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What It’s Like Being a POC at George Mason

As the holidays are approaching, my anxiety is starting to rise as I prepare to be bombarded by questions from family about my personal and college life.

“How’s school going?”

“What do your grades look like?”

“Do you have a boyfriend yet?”

It’s the same types of questions every year, just from different family members. And boy, when I say I want to tell them honest truth, I reframe each time. However, there’s one specific question that is always asked every year that keeps the conversation going at the dinner table:

“What’s it like to be black at Mason?”

Mason is one of the most diverse schools in the country, but it’s still more than 40% white. Especially after Trump was elected, my family constantly badgered me with questions on-end about the racial atmosphere of Mason. They feared that I would be discriminated against or that I would be treated less because I’m a person of color (POC), but that was not the case at all.

As a black woman studying at one of the top research institutions in the state and nation, I feel empowered to be surrounded with peers who aren’t the same color as me. It shined a brighter light on diversity that I had never seen before.

I went to a high school that had a fair share of black and white students. However, the same races usually flocked together. It was in my honors classes that I found friends who were of a different race or ethnicity. I loved how my personality would appeal to my friends and how we got along so well.

When it got time to apply to college I noticed that I naturally applied to schools that represented the diversity I felt in my honors classes, even though Howard University, which is a Historically Black College (HBCU), was my first choice school. My friends on the other hand, chose schools that appealed to their racial backgrounds, such as HBCUs, because they felt it would be better for them culturally.

I thought differently.

When I came to Mason, I saw how mixed the atmosphere was. I met people at Spring Preview from countries I had never heard of before. I loved how everyone seemed to get along and shared that same one love for Mason that I had yet to feel. It was the diversity that made me choose Mason over all of the other schools I applied to, because I wanted to experience the many cultures it had to offer.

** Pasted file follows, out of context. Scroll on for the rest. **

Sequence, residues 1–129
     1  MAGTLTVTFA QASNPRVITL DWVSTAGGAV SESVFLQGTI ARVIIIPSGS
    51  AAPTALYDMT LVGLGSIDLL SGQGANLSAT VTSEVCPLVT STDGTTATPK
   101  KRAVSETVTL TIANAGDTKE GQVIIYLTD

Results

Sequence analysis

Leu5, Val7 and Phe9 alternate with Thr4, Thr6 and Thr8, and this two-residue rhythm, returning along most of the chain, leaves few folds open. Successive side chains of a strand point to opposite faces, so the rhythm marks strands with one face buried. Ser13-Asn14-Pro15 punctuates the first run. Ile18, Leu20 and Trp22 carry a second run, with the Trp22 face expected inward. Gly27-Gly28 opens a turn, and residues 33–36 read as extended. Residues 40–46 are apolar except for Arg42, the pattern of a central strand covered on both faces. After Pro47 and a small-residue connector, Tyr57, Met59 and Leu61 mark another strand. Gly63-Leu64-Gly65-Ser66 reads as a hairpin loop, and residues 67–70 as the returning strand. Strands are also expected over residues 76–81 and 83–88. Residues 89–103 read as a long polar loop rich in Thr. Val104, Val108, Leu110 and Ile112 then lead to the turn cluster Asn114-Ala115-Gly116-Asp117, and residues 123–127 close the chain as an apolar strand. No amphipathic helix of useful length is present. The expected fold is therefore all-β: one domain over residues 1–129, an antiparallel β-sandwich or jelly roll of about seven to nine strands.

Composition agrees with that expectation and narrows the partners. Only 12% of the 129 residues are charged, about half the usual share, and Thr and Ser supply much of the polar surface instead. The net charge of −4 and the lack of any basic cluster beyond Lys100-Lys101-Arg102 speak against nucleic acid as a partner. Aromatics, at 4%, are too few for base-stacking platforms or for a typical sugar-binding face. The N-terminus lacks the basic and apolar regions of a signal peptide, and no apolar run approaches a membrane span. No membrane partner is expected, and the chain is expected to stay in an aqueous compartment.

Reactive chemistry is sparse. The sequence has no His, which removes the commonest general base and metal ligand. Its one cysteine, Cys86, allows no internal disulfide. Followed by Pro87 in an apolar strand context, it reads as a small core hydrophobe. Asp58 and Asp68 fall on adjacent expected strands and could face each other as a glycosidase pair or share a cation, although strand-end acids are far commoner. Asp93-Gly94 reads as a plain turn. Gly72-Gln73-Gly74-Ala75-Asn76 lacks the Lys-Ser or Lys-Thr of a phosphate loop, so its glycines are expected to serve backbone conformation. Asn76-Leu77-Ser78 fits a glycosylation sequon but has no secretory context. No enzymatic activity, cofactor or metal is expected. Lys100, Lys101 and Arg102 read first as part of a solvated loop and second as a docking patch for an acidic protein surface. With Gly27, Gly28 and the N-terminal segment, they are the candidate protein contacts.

Via George Mason’s Department of Creative Services, Multimedia, and Photography

Now that I’m here, I can say that I’ve gotten that experience. My friends come from all ethnicities who experience and are aware of the struggles of being a POC not only within the university, but in America. Here, it feels like I’ve been introduced to another world outside of Richmond die to the mass amount of diversity at Mason and surrounding the areas.

I’m involved with clubs such as Black Student Alliance (BSA) who have a mixed membership of people who are not only African American. Working for the Office of Student Involvement, I interact with students on a daily basis who run ethnic-based clubs on campus and are very open to having members who are outside of their ethnicity or race so that they can also experience their culture and traditions.

Via George Mason’s Department of Creative Services, Multimedia, and Photography

To me, the students here at Mason make everyone feel included no matter what the color of our skins are or where we come from. I’m not ashamed at all to be a black student going to Mason because at the end of the day, I’m still a Patriot and I love the school I attend. There’s no other school I honestly would rather be at.

 

Bri Hayes

George Mason University '20

Brianna "Bri" Hayes is a Community Health, pre-nursing student from Richmond, Virginia studying at George Mason University with a strong passion for editorial and journalistic writing. Brianna spent her whole high school career studying communications and media relations under a broad spectrum, including experience in journalism, public relations and marketing, videography, film and production, graphic design, and photography. At Mason, she’s the president of the National Pan-Hellenic Council and a member of various organizations including the Omicron Iota Chapter of Alpha Kappa Alpha Sorority, Inc., Patriot Activities Council, the Akoma Circle Mentoring Group, and Student Involvement. In her spare time, Brianna likes to read and explore new places and things. After graduation, she hopes to fulfill a career in nursing and public health.
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